Parolees Arraigned in Deadly Connecticut Home Invasion

A quiet Connecticut community woke up on Tuesday to more details behind a home invasion that ended with a prominent doctor injured, his wife and two daughters killed and their house up in flames.

Joshua Komisarjevsky, 26, of Cheshire and Steve Hayes, 44, of Winsted, were charged with assault, sexual assault, kidnapping, burglary, robbery and arson. Bail was set at $15 million each, and state police have said that additional charges are likely.

The suspects, both parolees with long rap sheets, were caught Monday in the family's SUV as they fled the burning home, which they apparently had torched to cover their tracks, authorities said.

Endocrinologist Dr. William Petit Jr., 50, was the sole survivor.

"Right now it's so awful and so hard even to take in the horror of it," said M. Burch Tracy Ford, head of Miss Porter's School in Farmington, from where Hayley Petit recently graduated during her recovery from a collapsed lung.

The high school senior and three-sport athlete left her sick bed last month long enough to attend commencement before returning to the hospital.

"She was not going to let her class down," Ford said.

Ford and so many others struggled Monday after learning that 17-year-old Hayley, her mother, Jennifer Hawke-Petit, and younger sister, Michaela, were killed in a violent home invasion after the family had been held hostage for hours.

A court bail commissioner said Hayes and Komisarjevky each have rap sheets with more than 20 prior burglaries, and both were out of prison on parole.

The two men did not enter pleas, and answered only "yes" when asked if they understood their rights. Both were represented by public defenders.

Komisarjevsky was sentenced to three years in prison in 2002 and six years of special parole after pleading guilty to 11 counts of second-degree burglary, the Hartford Courant reported.

Authorities said he would use military night-vision goggles during break-ins to steal electronic items while his victims were sleeping and that he claimed he did so to support a drug habit, prosecutor Ronald Dearstyne said at the time.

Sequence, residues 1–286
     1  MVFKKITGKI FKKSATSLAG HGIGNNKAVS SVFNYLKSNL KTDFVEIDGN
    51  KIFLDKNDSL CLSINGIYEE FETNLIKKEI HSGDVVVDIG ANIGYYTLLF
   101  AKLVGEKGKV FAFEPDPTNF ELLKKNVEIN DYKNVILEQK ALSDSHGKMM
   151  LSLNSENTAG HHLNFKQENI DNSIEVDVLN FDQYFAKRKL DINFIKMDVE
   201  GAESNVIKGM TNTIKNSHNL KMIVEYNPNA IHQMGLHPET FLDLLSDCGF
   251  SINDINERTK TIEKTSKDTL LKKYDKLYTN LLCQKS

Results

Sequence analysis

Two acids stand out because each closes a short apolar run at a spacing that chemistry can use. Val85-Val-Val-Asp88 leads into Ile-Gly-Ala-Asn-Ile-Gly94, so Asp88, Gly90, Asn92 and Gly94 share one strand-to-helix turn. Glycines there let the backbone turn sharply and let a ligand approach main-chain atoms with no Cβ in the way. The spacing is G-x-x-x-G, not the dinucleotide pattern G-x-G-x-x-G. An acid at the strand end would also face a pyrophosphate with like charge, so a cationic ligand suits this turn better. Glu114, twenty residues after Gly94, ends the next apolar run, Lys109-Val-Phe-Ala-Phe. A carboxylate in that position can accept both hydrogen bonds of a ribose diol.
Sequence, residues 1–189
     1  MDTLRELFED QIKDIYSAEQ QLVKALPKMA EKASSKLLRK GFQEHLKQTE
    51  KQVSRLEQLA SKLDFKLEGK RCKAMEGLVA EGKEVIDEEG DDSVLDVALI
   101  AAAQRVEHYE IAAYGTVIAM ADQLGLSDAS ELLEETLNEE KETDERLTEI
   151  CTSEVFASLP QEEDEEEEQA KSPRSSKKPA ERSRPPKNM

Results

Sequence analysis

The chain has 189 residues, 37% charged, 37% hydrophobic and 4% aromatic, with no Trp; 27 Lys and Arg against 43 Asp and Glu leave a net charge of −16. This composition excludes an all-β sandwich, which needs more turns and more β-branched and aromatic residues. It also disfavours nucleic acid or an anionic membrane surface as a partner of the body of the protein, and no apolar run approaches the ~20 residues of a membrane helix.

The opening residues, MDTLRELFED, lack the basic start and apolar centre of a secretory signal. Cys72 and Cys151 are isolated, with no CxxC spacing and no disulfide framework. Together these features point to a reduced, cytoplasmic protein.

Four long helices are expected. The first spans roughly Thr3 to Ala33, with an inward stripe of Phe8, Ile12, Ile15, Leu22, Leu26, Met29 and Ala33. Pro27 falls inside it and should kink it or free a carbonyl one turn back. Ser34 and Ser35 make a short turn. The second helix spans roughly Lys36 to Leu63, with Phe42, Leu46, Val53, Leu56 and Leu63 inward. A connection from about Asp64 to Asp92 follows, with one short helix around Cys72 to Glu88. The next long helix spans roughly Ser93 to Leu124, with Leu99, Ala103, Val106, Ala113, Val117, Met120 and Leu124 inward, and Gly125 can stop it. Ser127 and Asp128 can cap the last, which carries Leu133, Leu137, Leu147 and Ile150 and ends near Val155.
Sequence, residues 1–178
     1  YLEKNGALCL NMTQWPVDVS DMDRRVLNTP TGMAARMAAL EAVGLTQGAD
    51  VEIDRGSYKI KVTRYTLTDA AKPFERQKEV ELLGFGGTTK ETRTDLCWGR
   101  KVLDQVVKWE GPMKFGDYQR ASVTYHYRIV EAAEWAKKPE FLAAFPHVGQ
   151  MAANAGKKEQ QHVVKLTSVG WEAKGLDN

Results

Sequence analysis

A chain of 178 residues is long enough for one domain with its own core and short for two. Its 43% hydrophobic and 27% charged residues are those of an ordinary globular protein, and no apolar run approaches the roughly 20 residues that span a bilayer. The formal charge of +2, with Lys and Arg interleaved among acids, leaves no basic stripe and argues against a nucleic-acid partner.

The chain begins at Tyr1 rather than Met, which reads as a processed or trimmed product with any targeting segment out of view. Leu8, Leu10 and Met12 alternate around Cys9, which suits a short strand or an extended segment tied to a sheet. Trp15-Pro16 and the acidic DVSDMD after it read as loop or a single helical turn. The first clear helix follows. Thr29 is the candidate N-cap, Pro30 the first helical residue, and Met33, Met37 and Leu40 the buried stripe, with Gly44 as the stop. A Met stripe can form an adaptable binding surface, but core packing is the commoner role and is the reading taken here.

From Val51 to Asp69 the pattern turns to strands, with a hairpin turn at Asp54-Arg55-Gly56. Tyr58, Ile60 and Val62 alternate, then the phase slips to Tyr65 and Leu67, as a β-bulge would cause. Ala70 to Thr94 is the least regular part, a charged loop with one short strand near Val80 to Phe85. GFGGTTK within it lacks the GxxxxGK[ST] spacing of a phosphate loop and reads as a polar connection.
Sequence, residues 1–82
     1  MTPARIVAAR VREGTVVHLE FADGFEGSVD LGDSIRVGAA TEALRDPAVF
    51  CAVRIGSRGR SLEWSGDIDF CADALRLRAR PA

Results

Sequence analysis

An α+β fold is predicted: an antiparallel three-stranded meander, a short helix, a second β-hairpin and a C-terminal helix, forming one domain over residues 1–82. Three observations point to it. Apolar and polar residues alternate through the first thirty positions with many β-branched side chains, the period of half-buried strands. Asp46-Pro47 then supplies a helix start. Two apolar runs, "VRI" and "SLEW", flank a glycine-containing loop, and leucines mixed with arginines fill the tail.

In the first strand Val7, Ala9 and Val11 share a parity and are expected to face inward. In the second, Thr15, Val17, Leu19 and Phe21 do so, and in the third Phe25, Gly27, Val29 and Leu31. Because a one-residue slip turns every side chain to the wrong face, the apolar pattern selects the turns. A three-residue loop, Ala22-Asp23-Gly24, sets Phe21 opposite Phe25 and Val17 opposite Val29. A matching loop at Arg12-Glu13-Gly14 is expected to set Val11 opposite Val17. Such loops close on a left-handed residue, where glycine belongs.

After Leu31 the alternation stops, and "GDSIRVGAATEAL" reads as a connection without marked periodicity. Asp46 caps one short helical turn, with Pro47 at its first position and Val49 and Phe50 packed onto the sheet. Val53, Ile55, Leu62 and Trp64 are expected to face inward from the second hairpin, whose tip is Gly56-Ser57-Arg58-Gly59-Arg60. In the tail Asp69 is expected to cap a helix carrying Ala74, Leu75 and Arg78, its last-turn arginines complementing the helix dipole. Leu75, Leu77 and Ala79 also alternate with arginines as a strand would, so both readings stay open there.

He added that Komisarjevsky, armed with a military backpack containing items including a knife for ripping window screens, began robbing homes when he was 14, the Courant reported.

Hayes has a 25-year history of burglary and larceny.

Bank employees contacted police when one of the suspects accompanied a female hostage, who was not identified, to make a withdrawal around 9:30 a.m. Monday. Police drove to the Petit home in this quiet suburb.

Dr. Petit, though severely injured, managed to tell police what happened. His wife and two daughters were found dead in the home, said a law enforcement official with firsthand knowledge of the investigation.

Cheshire, an upper-middle class neighborhood of 29,000 and colonial-style homes, is just east of Waterbury and about 15 miles north of New Haven.

"In Cheshire we're not used to this type of event," town Police Chief Michael Cruess said. "It's a very unfortunate, tragic event that's probably going to reach right down to the core of the community."

Hayley Petit received an early acceptance to Dartmouth, her father's alma mater. A tireless fundraiser for multiple sclerosis, captain of the basketball and crew teams and role model for younger students, Hayley Petit came from a family where helping people just came naturally.

"She was such a good, good person," Ford said. "The younger kids just worshipped the ground she walked on."

Petit, the president of the Hartford County Medical Association, is a noted specialist in diabetes and endocrinology and the medical director of the Joslin Diabetes Center Affiliate at The Hospital of Central Connecticut in New Britain.

"It is a shocking day for everyone. It's just beyond anyone's understanding," said Larry Tanner, president and chief executive officer of the hospital.

Petit's wife, Jennifer Hawke-Petit, 48, a nurse, was co-director of the health center at Cheshire Academy, a private boarding school.

"It's just a very difficult day here," said Philip Moore, director of communications for the school. "She was very good at educating kids about good health, not just taking care of them when they are not feeling well."

The Rev. Ronald A. Rising, a neighbor, said he had known the family for more than 10 years.

"They're just a lovely family," he said. "It's just awful to think it would happen to a family like that in this community. You don't think about those things happening."

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